#DemDebateSoWhite: White Democrat Candidates Have History of Racial Gaffes

october-dem-debate four white candidates

Thursday evening’s Democrat debate in Los Angeles features seven presidential hopefuls, all of whom, with the exception of Andrew Yang (D), are white. The dwindling racial representation within the field of candidates hailing from a party that prides itself on diversity is the least of the problem, though, as many of the candidates have a controversial history with respect to race.

Democrats overwhelmingly decried the state of the Democrat field after Sen. Kamala Harris (D-CA), who qualified for Thursday’s debate, dropped out of the race. Julián Castro (D) and Sen. Cory Booker (D-NJ), both of whom did not qualify for the debate, also decried the whitening field.

“What we’re staring at is a DNC debate stage with no people of color on it,” Castro said after Harris dropped out. “That does not reflect the diversity of our party or our country. We need to do better than that”:

“And it’s a damn shame now that the only African American woman in this race, who has been speaking to issues that need to be brought up, is now no longer in it,” Booker told MSNBC at the time.

“And we’re spiraling towards a debate stage that potentially … could have six people with no diversity whatsoever,” he added.

Not only are the bulk of candidates on Thursday’s debate stage, minus Yang, white — many of them have racial controversies looming over their heads.

Former Vice President Joe Biden (D), for example, has come under fire for paying homage to segregationist senators on the campaign trail.

As Breitbart News detailed:

Former Vice President Joe Biden once again paid homage to the late-Sen. Fritz Hollings, a reformed segregationist, on Monday at a fundraiser in South Carolina.

“Folks, I’m going to be brief because you’re standing and because old Fritz will come down from heaven and yank my neck back,” Biden told donors, according to The Post and Courier. “By the way, I owe South Carolina more than you can imagine.”

 In June the former vice president cited the late-Sens. James Eastland (D-MS) and Herman Talmdage (D-GA) at a fundraiser in New York City while touting his ability to form consensus in Congress.

“I was in a caucus with James O. Eastland,” Biden said at the time, with a mock Southern drawl. “He never called me boy, he always called me son.”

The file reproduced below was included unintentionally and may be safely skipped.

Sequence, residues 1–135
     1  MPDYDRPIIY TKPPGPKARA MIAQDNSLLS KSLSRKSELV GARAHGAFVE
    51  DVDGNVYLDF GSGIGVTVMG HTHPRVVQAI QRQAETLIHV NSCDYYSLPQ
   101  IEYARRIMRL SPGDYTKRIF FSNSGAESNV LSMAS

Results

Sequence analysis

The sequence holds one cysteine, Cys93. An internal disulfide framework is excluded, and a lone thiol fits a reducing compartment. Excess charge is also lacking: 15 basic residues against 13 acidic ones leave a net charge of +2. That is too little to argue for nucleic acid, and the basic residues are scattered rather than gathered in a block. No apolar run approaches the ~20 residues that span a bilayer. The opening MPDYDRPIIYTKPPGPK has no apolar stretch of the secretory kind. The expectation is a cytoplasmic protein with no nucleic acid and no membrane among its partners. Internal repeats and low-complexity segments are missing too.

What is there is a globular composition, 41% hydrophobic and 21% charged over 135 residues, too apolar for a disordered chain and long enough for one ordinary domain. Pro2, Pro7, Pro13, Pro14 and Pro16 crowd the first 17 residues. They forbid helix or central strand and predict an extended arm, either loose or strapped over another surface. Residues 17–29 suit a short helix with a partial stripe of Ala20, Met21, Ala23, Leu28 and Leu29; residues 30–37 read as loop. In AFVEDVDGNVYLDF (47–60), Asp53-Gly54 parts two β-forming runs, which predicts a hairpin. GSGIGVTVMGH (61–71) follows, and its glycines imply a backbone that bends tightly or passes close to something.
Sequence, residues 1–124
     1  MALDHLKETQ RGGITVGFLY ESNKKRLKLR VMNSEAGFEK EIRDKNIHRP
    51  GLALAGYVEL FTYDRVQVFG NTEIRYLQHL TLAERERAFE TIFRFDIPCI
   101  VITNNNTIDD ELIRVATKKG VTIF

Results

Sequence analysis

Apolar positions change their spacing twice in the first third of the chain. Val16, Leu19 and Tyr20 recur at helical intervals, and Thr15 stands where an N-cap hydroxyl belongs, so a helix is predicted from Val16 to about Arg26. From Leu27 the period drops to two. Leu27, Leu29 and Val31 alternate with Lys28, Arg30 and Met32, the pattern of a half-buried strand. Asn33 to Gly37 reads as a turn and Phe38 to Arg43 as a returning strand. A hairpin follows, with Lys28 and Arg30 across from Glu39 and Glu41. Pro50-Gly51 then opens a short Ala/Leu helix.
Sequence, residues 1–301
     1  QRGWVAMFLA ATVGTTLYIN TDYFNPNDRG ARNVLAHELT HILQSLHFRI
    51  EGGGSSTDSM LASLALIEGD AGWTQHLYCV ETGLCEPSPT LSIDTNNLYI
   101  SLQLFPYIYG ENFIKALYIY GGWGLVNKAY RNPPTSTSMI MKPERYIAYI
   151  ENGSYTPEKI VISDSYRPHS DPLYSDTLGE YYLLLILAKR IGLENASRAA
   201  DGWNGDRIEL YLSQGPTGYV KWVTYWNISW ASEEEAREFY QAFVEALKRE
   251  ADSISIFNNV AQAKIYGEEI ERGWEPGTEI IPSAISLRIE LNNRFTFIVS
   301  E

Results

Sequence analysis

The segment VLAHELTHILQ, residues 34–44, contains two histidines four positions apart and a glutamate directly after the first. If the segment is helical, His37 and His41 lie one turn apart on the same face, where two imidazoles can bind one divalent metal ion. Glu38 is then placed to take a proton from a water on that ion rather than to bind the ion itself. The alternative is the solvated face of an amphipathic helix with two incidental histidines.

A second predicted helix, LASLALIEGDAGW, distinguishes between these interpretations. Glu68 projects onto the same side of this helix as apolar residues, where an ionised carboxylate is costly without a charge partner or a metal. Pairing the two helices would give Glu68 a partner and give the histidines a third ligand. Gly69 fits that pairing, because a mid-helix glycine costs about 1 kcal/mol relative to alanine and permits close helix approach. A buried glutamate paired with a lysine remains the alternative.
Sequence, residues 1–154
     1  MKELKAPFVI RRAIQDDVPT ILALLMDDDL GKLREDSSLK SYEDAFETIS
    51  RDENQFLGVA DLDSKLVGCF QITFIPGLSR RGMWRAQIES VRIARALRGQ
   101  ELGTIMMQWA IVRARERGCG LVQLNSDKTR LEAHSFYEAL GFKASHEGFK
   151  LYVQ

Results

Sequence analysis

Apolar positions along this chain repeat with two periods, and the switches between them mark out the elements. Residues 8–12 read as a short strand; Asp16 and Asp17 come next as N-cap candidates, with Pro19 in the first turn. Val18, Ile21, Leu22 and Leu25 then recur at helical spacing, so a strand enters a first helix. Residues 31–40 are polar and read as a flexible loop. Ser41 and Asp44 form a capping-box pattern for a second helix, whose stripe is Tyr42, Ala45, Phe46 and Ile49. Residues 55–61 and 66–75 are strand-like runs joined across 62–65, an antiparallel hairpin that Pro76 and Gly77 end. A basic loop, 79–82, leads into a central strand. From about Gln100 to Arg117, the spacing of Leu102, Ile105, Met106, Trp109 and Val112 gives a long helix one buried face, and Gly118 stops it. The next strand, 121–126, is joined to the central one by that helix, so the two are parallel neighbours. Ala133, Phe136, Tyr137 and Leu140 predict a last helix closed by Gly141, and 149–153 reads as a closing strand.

“Well guess what?” he continued. “At least there was some civility. We got things done. We didn’t agree on much of anything. We got things done. We got it finished. But today you look at the other side and you’re the enemy. Not the opposition, the enemy. We don’t talk to each other anymore.”

Biden also came under fire for stating that “poor kids are just as bright and just as talented as white kids.” His campaign later claimed he “misspoke.”

“Donald Trump is desperate to change the subject from his atrocious record of using racism to divide this country,” Biden’s deputy campaign manager Kate Bedingfield said.

She added:

Vice President Joe Biden misspoke and immediately corrected himself during a refrain he often uses to make the point that all children deserve a fair shot, and children born into lower-income circumstances are just as smart as those born to wealthy parents.

Sen. Elizabeth Warren (D-MA) has also found herself neck-deep in controversy after DNA results confirmed that she was not, in fact, Native American, despite years of claiming Native American heritage.

While Warren has admitted that she “shouldn’t” have claimed Native American heritage, she said she learned of her fake heritage from her family and has frequently referred to a Boston Globe investigation that determined she did not gain “any benefit” from her false claims.

Harvard Law School News Director Mike Chmura, however, bragged about Warren’s status as the “first woman of color” tenured at the school.